You’re signing up for classes and it hits you: When will I have time for lunch? If I put a break here, will I actually study? Being able to choose your own times is an awesome power, but at times it might feel like more of a hindrance than a help. Instead of staying overwhelmed, use this guide in order to make sure that your college schedule is right for you.
1. Decide if you’re a morning person
Don’t think about that time when you were six years old and you got up at 7 AM every day, think about the past couple years and judge yourself based on that. Do you have insomnia? Can you not put your phone down till way past 12? If you’re going to bed later and later every night, it doesn’t make sense for you to force yourself into a habit of waking up sooner just because it seems like the healthy thing to do. Whether you wake up or not, NEVER take 8 AM classes. There’s a reason they’re called hate AMs. Ignore that one chipper friend, mark my words when I say do NOT do it. Find another schedule.
Non-morning folk: Try to get your earliest class at 10:30 AM. It’ll make you feel like you have to be up and ready for the day while, in reality, many of your friends will be up earlier. Take note that this doesn’t include any morning gym time, so if you aren’t a morning person but you tend to hit the gym then push that 10:30 back to 11:30 or 12.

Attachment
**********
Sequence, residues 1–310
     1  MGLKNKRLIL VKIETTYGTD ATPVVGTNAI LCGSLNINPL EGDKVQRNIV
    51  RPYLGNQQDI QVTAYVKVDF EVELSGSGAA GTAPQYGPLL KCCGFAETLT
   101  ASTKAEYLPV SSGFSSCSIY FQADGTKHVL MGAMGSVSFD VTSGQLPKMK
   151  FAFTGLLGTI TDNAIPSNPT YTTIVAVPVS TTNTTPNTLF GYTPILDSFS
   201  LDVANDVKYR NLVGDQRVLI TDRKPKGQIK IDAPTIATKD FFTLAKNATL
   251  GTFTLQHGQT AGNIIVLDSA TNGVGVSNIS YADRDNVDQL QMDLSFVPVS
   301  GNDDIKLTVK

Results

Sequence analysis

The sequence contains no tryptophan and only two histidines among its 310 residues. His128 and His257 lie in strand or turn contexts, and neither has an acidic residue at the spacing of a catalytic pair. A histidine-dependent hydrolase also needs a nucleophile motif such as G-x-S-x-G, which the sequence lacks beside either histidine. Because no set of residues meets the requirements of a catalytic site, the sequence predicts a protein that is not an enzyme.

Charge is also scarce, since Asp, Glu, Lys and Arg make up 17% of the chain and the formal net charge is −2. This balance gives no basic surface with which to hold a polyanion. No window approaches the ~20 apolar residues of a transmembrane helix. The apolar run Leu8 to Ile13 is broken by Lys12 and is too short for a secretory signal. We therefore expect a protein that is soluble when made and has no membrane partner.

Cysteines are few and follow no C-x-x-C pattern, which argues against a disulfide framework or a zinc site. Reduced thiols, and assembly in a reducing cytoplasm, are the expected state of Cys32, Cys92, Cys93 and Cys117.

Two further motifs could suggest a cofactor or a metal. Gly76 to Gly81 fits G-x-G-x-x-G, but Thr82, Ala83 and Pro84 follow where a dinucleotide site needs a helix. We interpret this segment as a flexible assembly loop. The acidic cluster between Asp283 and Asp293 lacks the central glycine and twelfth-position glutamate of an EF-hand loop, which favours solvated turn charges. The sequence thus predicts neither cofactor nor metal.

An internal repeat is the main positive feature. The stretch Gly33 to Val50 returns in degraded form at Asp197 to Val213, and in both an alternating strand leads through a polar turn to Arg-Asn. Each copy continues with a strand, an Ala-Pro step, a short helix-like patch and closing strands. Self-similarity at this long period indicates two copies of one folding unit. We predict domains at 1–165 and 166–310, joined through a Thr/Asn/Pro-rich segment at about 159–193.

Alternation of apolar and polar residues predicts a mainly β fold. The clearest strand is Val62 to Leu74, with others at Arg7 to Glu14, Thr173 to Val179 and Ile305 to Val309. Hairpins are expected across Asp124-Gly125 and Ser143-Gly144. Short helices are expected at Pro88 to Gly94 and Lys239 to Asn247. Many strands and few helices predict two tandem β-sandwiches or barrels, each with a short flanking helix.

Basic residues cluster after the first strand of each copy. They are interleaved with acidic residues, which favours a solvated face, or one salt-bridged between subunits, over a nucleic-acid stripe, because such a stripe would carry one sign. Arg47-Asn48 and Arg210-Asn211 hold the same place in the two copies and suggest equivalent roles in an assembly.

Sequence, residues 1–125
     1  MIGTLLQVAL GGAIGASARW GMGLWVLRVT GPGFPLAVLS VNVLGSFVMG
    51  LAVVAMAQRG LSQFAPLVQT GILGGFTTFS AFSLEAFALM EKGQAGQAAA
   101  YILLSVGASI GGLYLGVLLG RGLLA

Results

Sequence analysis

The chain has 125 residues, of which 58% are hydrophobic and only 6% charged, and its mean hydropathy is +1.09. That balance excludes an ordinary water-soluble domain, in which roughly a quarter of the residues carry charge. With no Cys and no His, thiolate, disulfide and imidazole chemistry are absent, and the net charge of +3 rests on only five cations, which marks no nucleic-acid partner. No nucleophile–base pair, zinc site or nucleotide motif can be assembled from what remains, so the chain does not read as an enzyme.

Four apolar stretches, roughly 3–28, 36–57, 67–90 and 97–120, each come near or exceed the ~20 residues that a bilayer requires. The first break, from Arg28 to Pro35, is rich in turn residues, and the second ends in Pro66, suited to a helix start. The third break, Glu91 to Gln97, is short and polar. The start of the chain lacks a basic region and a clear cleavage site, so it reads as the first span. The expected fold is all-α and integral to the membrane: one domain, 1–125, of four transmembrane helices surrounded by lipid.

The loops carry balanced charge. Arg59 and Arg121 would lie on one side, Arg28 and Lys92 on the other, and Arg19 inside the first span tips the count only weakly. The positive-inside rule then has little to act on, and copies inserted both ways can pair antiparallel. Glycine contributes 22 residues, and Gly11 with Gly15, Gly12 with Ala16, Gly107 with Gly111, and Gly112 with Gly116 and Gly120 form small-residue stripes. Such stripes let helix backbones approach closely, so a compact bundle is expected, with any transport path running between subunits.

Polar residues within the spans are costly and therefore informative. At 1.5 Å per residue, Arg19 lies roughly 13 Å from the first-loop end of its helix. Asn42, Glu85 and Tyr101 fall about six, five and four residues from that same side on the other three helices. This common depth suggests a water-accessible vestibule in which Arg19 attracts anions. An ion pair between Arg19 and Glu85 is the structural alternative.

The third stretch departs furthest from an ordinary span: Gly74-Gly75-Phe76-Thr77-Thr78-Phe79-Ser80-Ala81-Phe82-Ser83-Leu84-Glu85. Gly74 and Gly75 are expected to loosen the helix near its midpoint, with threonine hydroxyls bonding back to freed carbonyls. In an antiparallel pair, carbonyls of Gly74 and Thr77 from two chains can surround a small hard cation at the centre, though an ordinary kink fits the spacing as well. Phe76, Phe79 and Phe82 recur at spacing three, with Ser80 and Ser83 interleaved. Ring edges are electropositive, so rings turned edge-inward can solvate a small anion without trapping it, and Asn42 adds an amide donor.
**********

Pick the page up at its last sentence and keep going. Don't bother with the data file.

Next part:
2. Don’t forget lunch
Lunch is the main meal you’ll be eating, especially during those times when you feel too tired to find yourself an actual dinner. Do yourself a favor and leave in a good 45 minutes or so around 11-2 for you to eat every day. There’s no harm in having a few crunch days, but you should be eating a well-sized lunch at the very least 3 times a week. Please, please eat. Your body will thank you, you won’t feel miserable, and remember to bring something to drink with you to your classes to remain hydrated on the daily as well. Make sure to remember filler time when leaving lunch open in your schedule, such as the 15 minutes it’ll take you to move to and from your classes.
3. Get classes over with
Whether you’re taking any classes in the morning or not, try to finish up every day as soon as possible. Aim to have your last class over by 5 at the latest, unless you absolutely have to take a night class once or twice a week. This will leave time for you to relax, grab dinner, and then work on homework and other things. When you finish up fast, you’ll feel as though you have more time. No more wasting half of the day on your phone waiting for Cal 1 to let out, push those classes tighter together and give yourself bigger chunks of time off rather than little moments throughout the day.
4. Post-lunch study break
The post-lunch study break is perfect if you’re the time to pen in some time to study in an ongoing manner every day. Giving yourself some extra leeway to use as lunch time can also be turned into studying or homework time as long as you still remember to consume food every day. Many dining halls are located near libraries, assuming your college has the usual absurd amount of libraries on campus. Take a break and spend 20 minutes eating with friends, then use the remainder by heading to one of the silent floors and getting your work done. If you like studying to music, plug your headphones into your laptop and study away. Put your phone on airplane mode, set an alarm if you must, and get at least one thing done to lessen your nightly load.